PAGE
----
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TV cartoon music gaining in sophistication

From digitally constructed symphony orchestras and hip hop to techno and rave, the music backing up today's cartoons bears little resemblance to the simple, melodic scores of yesteryear. Insiders in TV animation see the music getting edgier and more sophisticated, even...
September 1, 1997

From digitally constructed symphony orchestras and hip hop to techno and rave, the music backing up today’s cartoons bears little resemblance to the simple, melodic scores of yesteryear. Insiders in TV animation see the music getting edgier and more sophisticated, even as other areas of kids entertainment are being toned down in the aftermath of the FCC rulings. Fueling the trend is interest by producers in luring older audiences to cartoons via adult-friendly music.

‘When I write stuff for kids, there’s not really anything I shy away from,’ says Mark Mothersbaugh, former Devo band member, creator of the music for the Rugrats and owner of Mutato Muzika, a music production studio in Los Angeles. ‘There’s more of a danger speaking down to kids than going over their heads.’

Ron Kenan, executive vice president of music at Saban Entertainment, agrees. ‘It’s always smart to target up [to older audiences],’ he says. ‘Younger kids will listen to what older kids listen to. You may not find them going to raves, but if they find it on Saturday morning, they’ll groove to it.’

Widespread changes in scoring can largely be traced to a key technological advance in the early 1990s that made the simulation of most instruments quick and inexpensive. ‘Things changed around 1990 with the introduction of the MIDI [Music Instrument Digital Interface],’ says Steve Rucker of Chase Rucker Productions, creator of the music for Cartoon Network’s Dexter’s Laboratory and The Real Adventures of Jonny Quest. The MIDI’s musical sampling capabilities made the use of live musicians to record scores a luxury rather than a necessity. ‘The good news with the way we do it now is you can see your ideas directly,’ says Rucker’s partner Thomas Jones Chase. Even though digital scoring is standard for TV, films still use live symphonies. ‘An orchestra is an orchestra,’ notes Chase. ‘For many kids, animation music is their first exposure to orchestral music.’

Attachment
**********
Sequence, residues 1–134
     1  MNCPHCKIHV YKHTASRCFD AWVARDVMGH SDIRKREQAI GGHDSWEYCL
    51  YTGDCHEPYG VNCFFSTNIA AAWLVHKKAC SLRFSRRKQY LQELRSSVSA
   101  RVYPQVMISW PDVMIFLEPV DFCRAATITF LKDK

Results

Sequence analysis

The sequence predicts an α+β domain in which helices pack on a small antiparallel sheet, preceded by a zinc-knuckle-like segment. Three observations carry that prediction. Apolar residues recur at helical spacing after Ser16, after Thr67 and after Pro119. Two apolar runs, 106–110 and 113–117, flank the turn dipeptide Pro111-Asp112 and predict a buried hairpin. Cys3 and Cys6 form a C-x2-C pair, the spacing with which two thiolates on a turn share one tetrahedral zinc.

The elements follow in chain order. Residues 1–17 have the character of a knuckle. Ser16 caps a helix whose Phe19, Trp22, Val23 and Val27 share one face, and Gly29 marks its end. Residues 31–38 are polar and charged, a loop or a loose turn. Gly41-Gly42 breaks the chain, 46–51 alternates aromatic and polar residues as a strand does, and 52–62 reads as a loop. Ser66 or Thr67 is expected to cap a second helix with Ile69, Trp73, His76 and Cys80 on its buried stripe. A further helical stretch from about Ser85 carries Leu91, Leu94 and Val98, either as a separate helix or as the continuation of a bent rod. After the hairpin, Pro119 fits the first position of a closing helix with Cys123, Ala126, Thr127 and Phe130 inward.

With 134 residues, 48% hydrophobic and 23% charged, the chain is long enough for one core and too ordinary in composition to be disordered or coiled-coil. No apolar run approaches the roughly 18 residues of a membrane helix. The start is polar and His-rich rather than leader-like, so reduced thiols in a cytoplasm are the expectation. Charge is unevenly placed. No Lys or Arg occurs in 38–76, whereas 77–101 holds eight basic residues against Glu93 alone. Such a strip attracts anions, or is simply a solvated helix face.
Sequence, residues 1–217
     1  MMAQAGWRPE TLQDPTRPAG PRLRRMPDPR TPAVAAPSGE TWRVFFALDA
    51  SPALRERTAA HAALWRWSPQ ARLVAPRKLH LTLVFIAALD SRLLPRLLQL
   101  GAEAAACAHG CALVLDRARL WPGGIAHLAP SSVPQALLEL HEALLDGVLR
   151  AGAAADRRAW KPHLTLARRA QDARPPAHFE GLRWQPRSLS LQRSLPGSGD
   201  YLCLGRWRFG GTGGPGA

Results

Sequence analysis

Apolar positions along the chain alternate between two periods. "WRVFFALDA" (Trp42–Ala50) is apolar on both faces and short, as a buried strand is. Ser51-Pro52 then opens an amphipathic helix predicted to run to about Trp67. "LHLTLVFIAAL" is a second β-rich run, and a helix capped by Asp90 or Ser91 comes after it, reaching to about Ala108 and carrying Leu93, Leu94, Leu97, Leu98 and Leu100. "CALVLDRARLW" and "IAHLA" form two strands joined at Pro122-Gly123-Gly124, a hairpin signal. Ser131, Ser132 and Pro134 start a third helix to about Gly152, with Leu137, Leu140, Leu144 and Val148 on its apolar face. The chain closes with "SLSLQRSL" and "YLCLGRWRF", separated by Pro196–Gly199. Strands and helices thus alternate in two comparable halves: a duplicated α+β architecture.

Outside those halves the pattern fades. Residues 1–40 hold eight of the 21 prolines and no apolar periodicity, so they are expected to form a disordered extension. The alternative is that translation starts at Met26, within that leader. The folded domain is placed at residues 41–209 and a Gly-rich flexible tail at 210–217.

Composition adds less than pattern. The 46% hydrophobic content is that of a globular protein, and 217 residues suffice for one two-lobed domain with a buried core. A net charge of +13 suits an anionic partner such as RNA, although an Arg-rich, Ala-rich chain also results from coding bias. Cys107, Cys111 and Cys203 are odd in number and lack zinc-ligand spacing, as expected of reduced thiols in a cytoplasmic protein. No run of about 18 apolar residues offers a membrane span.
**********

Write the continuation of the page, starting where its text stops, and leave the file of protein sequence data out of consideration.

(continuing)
For seven years, Marcel Nottea’s M3D Studios has been creating music in-house for its computer-animated cartoons using digital methods and sampling, notably Pigasso’s Place, which aired on ABC affiliates throughout the U.S. ‘Scores that kids are attracted to are much more instrumental and orchestrated. Today, everything is digitally sampled using 48 to 100 tracks,’ says Alon Nottea, technical director at M3D Studios.

‘The traditional, Warner Bros. music was more wacky, sillier,’ says Chase. ‘Music has become more dramatic now. While we’ve been working on [Dexter's Laboratory], we’ve been requested to do more and more cinematic music.’ Producers also frequently request popular sci-fi and movie music, even though kids might not catch the references.

Rucker combs record stores to find out what’s hot and, like other composers, he monitors competitors. ‘We look at new shows, like [the movie] Spawn, to see if they are doing something we’re not doing. Sonic libraries are constantly being reviewed,’ Rucker adds. ‘You have to shed all of your prior knowledge and try to get to what you’re feeling to reach this age group.’

Kenan also pursues a contemporary feel in scoring the shows he does for Saban each year. ‘I always look for the emotion you want to get across on screen. For action, it’s orchestration and rock. What’s more perfect than the music happening today? It’s very cutting edge, very mainstream, industrial, fast.’ Kenan took a risk early on with heavy metal during the initial scoring of Power Rangers. ‘It was sort of a gamble to go with hard rock. The philosophy then was that kids have virgin ears, but I’ve found they’re ready for anything.’

Amidst all of this innovation, nostalgia remains high for the classic cartoons scores, according to a spokesperson at Kid Rhino, a division of Rhino Records. The label reports brisk sales for Toon Tunes, a recently released collection of 50 cartoon theme songs spanning the 1930s through to 1996. Melodies include tunes from Popeye the Sailor, The Bullwinkle Show, Underdog, The Jetsons and The Flintstones.

Toon Tunes liner notes feature trivia that promises to stump even the most devoted cartoon lover.

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